A call to caper craftily and getting totally folked up on Dartymoor.
Brushing aside yesterday's tangly bramble of thoughts (this may take some time and require protective clothing), Pickle and I have been off adventuring again since I last wrote and more is afoot.
We've visited my parents again. We're seeing more of them lately because Pickle is such good medicine for her Granny as she goes through chemotherapy, and the upcoming surgery. They're off to medical appointments almost daily, so Pickle and I get the run of the place. We give their fat cat Smoky a bit of exercise as Pickle trots after him, oblivious to his disinclination to be stroked by a small person and, at every break in the rain, we explore their lovely garden, trying not to compare it to ours.
When Mum's feeling relatively energetic, she likes to use it all up immediately on something fun. This is very similar to Pickle's policy, although Pickle gets up a lot earlier the next day. This time we had a scenic drive and a little walk to a boating lake. We entirely failed to interest Pickle in the boats (tractor obsessed, that girl), but she had a fine time leaping over a gulley with Granny.
Here we are, taking shelter under a huge tree on our way back. Only Pickle knows what the joke is, but it was definitely funny.
On our last day we just wandered along the road so Mum's friends could meet Pickle and I. We walked back in the gloaming and admired some beautiful skies.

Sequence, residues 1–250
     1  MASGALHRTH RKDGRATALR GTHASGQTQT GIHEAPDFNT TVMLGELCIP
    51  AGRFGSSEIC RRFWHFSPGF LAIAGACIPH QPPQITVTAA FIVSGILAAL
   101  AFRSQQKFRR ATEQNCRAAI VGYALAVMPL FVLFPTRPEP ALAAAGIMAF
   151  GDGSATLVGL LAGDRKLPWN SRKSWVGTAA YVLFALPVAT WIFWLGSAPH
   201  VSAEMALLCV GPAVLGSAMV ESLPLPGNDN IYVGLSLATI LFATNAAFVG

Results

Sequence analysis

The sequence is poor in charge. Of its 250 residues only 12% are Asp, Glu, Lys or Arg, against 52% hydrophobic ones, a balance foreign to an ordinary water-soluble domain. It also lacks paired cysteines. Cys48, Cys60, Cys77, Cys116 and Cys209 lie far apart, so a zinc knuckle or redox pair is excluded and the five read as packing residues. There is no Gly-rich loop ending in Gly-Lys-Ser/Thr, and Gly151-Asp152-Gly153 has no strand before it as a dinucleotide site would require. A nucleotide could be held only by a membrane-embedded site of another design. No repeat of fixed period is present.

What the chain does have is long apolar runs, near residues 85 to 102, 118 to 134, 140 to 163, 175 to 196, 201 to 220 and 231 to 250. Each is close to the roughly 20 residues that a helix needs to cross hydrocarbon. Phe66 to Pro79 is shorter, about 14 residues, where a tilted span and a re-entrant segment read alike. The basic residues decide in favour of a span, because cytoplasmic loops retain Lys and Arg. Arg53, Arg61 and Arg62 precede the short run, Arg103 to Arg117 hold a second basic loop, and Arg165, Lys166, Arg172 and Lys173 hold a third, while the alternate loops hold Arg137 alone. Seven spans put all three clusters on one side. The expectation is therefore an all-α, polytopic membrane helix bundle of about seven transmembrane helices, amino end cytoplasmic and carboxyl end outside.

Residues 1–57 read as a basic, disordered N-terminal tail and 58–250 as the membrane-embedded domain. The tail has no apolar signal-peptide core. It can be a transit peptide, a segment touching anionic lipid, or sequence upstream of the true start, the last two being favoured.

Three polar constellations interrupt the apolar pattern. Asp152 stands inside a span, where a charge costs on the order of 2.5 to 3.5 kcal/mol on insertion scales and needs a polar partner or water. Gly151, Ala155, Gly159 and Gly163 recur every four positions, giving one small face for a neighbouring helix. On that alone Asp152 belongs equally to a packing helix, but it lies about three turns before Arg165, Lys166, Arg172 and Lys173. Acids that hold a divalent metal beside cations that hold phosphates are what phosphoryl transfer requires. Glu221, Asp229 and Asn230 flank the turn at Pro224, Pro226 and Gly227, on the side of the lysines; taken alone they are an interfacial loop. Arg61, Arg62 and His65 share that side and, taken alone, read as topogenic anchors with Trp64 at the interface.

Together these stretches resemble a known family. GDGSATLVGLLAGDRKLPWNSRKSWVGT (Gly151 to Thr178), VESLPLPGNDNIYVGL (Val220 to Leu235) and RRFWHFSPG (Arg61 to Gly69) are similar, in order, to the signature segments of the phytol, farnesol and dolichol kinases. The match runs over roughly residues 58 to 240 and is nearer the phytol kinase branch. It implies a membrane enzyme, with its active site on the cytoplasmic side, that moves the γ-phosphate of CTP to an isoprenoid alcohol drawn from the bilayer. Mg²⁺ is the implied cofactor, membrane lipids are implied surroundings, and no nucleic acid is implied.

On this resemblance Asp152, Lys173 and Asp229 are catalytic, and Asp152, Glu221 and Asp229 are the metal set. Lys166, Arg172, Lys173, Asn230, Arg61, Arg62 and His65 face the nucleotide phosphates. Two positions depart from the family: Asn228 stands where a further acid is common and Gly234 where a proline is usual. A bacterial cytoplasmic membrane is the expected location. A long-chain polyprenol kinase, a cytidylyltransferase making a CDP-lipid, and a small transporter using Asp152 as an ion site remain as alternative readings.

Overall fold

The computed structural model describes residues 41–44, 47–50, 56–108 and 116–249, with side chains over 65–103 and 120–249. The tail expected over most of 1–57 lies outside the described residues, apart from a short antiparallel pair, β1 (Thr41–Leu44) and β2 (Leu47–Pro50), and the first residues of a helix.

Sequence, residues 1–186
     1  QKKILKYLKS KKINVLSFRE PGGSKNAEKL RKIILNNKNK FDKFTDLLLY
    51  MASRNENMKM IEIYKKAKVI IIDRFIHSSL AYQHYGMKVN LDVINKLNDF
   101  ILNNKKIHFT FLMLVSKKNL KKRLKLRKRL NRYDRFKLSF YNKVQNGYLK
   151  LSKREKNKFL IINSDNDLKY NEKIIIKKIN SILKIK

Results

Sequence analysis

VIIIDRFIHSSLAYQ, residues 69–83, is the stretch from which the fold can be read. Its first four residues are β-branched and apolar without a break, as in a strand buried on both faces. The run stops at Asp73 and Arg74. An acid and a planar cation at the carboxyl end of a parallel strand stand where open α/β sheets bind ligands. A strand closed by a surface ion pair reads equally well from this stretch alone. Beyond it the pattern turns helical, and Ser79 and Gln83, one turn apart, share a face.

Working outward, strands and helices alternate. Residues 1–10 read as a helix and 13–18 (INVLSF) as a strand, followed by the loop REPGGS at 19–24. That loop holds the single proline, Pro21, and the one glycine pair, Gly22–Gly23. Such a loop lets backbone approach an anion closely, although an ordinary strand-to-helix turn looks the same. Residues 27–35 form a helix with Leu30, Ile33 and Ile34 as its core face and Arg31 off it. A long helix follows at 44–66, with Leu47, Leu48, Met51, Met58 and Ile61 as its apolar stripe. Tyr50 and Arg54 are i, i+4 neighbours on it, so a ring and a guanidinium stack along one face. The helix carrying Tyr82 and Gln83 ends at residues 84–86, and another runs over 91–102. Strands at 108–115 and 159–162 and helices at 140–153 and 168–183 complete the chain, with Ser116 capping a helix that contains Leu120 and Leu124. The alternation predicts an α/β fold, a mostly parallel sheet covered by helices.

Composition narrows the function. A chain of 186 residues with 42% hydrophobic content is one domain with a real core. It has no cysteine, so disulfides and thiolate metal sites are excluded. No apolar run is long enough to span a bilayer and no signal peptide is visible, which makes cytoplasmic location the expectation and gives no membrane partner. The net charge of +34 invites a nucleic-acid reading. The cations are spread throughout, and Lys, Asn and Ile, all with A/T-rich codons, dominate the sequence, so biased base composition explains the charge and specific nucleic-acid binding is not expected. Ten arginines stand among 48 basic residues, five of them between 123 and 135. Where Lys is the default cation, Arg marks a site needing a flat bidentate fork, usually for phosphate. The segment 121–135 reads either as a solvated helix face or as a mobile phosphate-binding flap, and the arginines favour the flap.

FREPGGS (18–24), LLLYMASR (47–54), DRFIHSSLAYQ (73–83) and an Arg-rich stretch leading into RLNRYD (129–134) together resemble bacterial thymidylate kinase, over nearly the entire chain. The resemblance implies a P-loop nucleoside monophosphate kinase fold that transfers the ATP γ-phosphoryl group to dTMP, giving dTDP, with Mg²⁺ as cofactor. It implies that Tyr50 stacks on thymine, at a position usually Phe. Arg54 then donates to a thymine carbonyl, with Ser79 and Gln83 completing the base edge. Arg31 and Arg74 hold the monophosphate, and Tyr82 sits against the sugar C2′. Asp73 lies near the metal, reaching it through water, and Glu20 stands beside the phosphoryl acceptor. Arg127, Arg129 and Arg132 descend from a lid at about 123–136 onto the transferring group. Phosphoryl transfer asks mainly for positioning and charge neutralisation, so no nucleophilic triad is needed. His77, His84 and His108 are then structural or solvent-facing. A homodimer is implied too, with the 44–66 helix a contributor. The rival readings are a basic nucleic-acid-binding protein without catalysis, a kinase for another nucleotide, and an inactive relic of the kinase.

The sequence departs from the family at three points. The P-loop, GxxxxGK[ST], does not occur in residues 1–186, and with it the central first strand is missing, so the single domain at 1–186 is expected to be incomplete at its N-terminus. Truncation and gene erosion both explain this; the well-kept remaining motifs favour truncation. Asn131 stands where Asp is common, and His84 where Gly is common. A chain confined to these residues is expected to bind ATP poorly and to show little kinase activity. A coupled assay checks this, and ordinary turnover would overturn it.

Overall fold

The next morning we drove home and I performed my unpacking/packing trick in under an hour, then off we set again for the wonders awaiting us at Dartmoor Folk Festival in South Zeal.
The dancing started at the pub at the top of the hill. At this stage there was plenty of humour, but also serious discussion around the importance of holding traditional dances whilst allowing evolution and creativity.
Then, in a trail of stovepipe hats and feathers, tankards clanking at the hip, the dancers led us down the hill to the next pub. Pickle was delighted to get a prime seat, but what I assumed to be absorption turned out to be the beginnings of heatstroke. Scary, but all better now.
The thing about the second pub is that the hill really is quite steep and a fair glug of ale has been consumed by now. It's the same every year.
Giggling breaks out among the performers at the slightest stagger and knuckles are rapped by sticks. Pickle and I had a hilariously clueless go, having claimed a stick just after the dance had been explained to the other children. Below are Molly dancers. A close kin of Morris dancers (his sister?), but accompanied not by accordion, fiddle, guitar and whatever else someone in their local can play, but by a lone singer - a woman in this case. Beautiful and surreal amongst the chaos of sticks and kicks.
Down at the main field there was the same but more so, plus men in very silly (by these standards!) trousers making happy fools of us all and some great Appalachian music and the champion broom dancers gave a joint performance.
In South Zeal's sibling village, Sticklepath, the annual Fireshow is holding its Crafty Capers Summer Workshops from August 20th. Info here if you can get there. It's a great way for kids to explore puppetry, costume creation, clay modeling and whatever else takes their fancy, and for adults to do the same. At Thomas's funeral we gathered coins instead of flowers and split them between GUCH (Grown Up Congenital Heart Patient's Association, which supported Thomas towards the end) and the Sticklepath Fireshow which represents the kind of creative community spirit which Thomas loved to be part of - and which had the fire element so important Thomas. He was part of the build for several productions, his puppets often taking a front stage role, even this last year when he was feeling awful. They have used his money for the Crafty Capers Workshops, so Gappy, Pickle and I will be checking it out and getting messy.
And while I've been gallivanting about, there's been a bumper crop of babies delivered. So, welcome and much love to
These are on their way to you :o).